Israel-Cyprus relations: Revolutionary alliance or negotiating tactic?

By Dan R.

The discovery of natural gas off the shores of Cyprus and Israel in the eastern Mediterranean has marked the beginning of a new chapter in the Middle East conflict. Reports began to surface last week, claiming that Israeli Prime Minister, Binyamin Netanyahu, will discuss the stationing of Israeli fighter jets at a Cypriot airbase on his visit to the island nation on February 16. If such reports prove to be accurate, the event has the potential to be a revolutionary strategic alliance. However, the aforementioned discussions may in fact be purely an Israeli negotiating tactic in an effort to bridge the rift between it and its former ally Turkey.

The Middle East is widely known as the staging ground for the Arab-Israeli conflict. Yet, there is a lesser known conflict, greatly overshadowed by that between Israel and her Arab neighbors – that which involves Turkey and Cyprus. The conflict between Turkey and Cyprus, like the Arab-Israeli, also has a history of bloody confrontation on religion, ethnicity, territory and recognition. However, the aspect that reaches headlines above all others is the ongoing dispute over natural gas deposits that lay off the Cypriot southern coast. The discovery launched a thus far rhetorical battle over drilling rights between Greek Cyprus and Turkey as the patron of the Greek Republic’s breakaway Turkish Cypriot counterpart.

American-operated natural gas exploration site Noble Ferrington

Israel has developed and maintained several natural gas drilling and pumping platforms in the eastern Mediterranean Sea in its Exclusive Economic Zone. Moreover, Israeli companies, such as Delek, own a significant share of drilling platforms in Cyprus. Israel thus, likely sees the natural gas reserves as a strategic asset that is vital to ensure Israel’s economic and energy independence.

Israel is well known for its determination and dedication with regard to the protection of its interests positioned outside its borders. That said, the stationing of a permanent air force operation base on foreign soil would essentially be a revolution in Israeli military affairs. If the reports are true, this will be the first time that Israel will deploy IDF airmen outside the borders of Israel (not including Palestinian territories), a step that would likely require legislative action.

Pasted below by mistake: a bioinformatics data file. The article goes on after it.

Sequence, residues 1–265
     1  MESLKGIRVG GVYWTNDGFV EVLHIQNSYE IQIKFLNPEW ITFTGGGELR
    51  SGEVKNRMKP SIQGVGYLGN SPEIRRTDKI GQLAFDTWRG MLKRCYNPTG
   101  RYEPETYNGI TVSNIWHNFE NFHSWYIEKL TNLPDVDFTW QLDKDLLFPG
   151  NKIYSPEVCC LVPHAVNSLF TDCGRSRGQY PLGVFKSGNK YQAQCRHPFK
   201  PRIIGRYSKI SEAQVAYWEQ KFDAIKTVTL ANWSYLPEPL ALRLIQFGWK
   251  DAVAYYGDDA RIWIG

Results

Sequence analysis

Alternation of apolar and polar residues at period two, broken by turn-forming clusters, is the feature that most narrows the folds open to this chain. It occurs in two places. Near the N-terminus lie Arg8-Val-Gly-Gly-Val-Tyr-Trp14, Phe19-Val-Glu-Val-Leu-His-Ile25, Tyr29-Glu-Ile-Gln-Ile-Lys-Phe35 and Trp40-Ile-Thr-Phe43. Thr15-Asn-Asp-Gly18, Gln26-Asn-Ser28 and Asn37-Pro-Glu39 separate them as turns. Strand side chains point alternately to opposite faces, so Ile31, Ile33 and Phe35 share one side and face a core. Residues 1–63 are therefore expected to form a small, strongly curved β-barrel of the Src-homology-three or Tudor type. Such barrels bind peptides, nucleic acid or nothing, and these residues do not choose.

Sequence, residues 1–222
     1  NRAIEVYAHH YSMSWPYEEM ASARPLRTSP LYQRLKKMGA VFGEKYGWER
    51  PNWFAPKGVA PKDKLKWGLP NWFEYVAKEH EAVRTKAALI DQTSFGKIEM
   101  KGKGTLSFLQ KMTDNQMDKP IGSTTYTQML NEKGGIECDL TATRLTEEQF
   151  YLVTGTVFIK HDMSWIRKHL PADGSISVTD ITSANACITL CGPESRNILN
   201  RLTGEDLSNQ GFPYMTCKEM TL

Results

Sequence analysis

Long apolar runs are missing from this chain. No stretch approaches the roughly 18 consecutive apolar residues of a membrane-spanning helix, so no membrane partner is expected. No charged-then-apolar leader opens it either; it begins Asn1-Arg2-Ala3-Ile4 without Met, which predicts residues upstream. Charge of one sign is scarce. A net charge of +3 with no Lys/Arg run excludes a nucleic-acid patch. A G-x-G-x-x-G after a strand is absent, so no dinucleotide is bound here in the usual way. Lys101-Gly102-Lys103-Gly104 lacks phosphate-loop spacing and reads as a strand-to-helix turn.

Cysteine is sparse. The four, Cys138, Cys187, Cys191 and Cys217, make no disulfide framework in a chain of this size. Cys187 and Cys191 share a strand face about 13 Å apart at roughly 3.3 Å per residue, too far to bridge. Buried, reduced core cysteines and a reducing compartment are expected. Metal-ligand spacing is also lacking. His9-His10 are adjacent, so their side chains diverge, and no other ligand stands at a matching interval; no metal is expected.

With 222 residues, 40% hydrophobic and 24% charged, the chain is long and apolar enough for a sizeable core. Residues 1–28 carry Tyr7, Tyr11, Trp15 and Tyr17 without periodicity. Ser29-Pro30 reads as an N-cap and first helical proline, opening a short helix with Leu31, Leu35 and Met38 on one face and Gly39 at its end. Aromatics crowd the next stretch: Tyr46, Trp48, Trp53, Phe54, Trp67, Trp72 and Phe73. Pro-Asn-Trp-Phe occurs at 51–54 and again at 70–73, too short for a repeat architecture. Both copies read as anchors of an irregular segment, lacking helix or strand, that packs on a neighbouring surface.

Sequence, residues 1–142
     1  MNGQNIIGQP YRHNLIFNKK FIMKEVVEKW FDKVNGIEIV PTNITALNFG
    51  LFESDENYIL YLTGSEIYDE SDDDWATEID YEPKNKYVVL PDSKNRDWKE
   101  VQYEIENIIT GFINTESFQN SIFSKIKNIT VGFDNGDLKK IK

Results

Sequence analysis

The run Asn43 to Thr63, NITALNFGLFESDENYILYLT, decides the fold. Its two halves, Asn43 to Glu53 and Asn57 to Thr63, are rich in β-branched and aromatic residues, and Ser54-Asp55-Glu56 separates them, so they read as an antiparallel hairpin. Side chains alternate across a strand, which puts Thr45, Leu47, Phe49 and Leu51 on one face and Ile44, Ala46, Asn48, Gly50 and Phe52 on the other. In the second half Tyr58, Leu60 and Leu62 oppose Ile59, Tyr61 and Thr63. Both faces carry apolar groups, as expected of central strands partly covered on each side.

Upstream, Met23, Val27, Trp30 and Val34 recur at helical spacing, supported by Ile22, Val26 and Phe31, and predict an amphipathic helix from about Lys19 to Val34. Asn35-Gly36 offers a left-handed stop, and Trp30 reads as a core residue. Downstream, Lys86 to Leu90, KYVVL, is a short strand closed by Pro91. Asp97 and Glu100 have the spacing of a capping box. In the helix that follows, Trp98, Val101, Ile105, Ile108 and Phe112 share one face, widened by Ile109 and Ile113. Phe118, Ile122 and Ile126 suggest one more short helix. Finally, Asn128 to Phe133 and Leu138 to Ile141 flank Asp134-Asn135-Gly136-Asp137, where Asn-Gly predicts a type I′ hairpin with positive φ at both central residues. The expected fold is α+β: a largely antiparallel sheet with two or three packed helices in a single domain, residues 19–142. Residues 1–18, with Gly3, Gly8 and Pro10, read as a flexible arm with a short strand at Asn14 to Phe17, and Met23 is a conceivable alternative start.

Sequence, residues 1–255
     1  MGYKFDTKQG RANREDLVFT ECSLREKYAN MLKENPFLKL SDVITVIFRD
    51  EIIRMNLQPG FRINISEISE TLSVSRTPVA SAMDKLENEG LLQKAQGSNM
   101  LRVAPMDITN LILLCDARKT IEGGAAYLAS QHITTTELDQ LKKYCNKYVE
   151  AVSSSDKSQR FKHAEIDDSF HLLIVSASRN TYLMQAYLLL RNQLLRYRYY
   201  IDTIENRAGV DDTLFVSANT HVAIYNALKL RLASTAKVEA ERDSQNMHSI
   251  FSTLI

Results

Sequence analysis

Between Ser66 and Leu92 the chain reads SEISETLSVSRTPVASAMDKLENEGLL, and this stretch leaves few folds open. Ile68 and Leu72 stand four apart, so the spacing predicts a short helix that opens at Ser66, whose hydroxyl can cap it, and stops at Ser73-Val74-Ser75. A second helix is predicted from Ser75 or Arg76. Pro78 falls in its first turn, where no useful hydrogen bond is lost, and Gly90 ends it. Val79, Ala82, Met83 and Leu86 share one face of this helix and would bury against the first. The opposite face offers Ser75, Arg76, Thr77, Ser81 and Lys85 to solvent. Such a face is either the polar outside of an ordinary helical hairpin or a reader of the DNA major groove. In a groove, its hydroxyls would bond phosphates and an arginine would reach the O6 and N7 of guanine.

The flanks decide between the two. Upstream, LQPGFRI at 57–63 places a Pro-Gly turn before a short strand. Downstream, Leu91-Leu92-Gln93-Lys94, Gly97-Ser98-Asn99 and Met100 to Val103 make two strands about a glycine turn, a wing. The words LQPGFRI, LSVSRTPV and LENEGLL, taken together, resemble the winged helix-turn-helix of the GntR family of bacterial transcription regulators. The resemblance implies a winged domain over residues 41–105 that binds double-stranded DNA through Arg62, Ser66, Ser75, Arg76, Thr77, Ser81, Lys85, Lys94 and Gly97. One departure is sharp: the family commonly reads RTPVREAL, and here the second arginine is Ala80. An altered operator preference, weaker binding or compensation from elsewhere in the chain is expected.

When examining the tactical, operational, and strategic military benefits for a deployment of fighter jets in Cyprus, one would have to assess the constant parameters, like the distance from drilling and pumping platforms, coupled with reaction and flight time. Upon their inspection, one would discover that the distance to such drilling installations from either the Cypriot or Israeli air bases is negligible. The similar distances thus make the disproportion in reaction and flight time only a matter of a few seconds, and therefore, providing no significant tactical, operational, or strategic benefits.

However, after dismissing the aforementioned, a greater hidden agenda must be examined. The deployment of Israeli aircrafts on Cypriot soil has considerable weight on the diplomatic, political, and rhetorical aspects of the deteriorated relations between Turkey and Israel. Since the Gaza flotilla incident, diplomatic relations between Turkey and Israel declined to a point that the Turks made threats to take military action against any threat on a second flotilla. This unfortunate turn of events lead to the reaffirmation of the strategic security relations between Israel, Greece and Cyprus; essentially forming a de facto military alliance.

The formation of a pact between such states that feel threatened by Turkish maneuvering can serve to act as the counter weight to Turkish regional aspirations. As a united front, the new alliance would not likely accept or fall in line with Ankara’s dictates. Furthermore, the Turkish government refuses to recognize natural gas partnership of Israel and Greek Cyprus as long as it comes at the expense of the breakaway Turkish Republic on the island nation.

The simple mention of the deployment of Israeli fighter jets may alone be perceived by Turkey as a threat to its regional hegemonic objectives. Such a veiled Israeli threat may in fact provide Turkey the realization that good relations with Israel would likely benefit those objectives in the long term. Should relations once again begin to warm, Israel would likely reexamine their need to station its fighter jets on Cypriot waters, thus allowing Turkey to continue its hegemonic goals and restoring the relative power balance that existed in the region.

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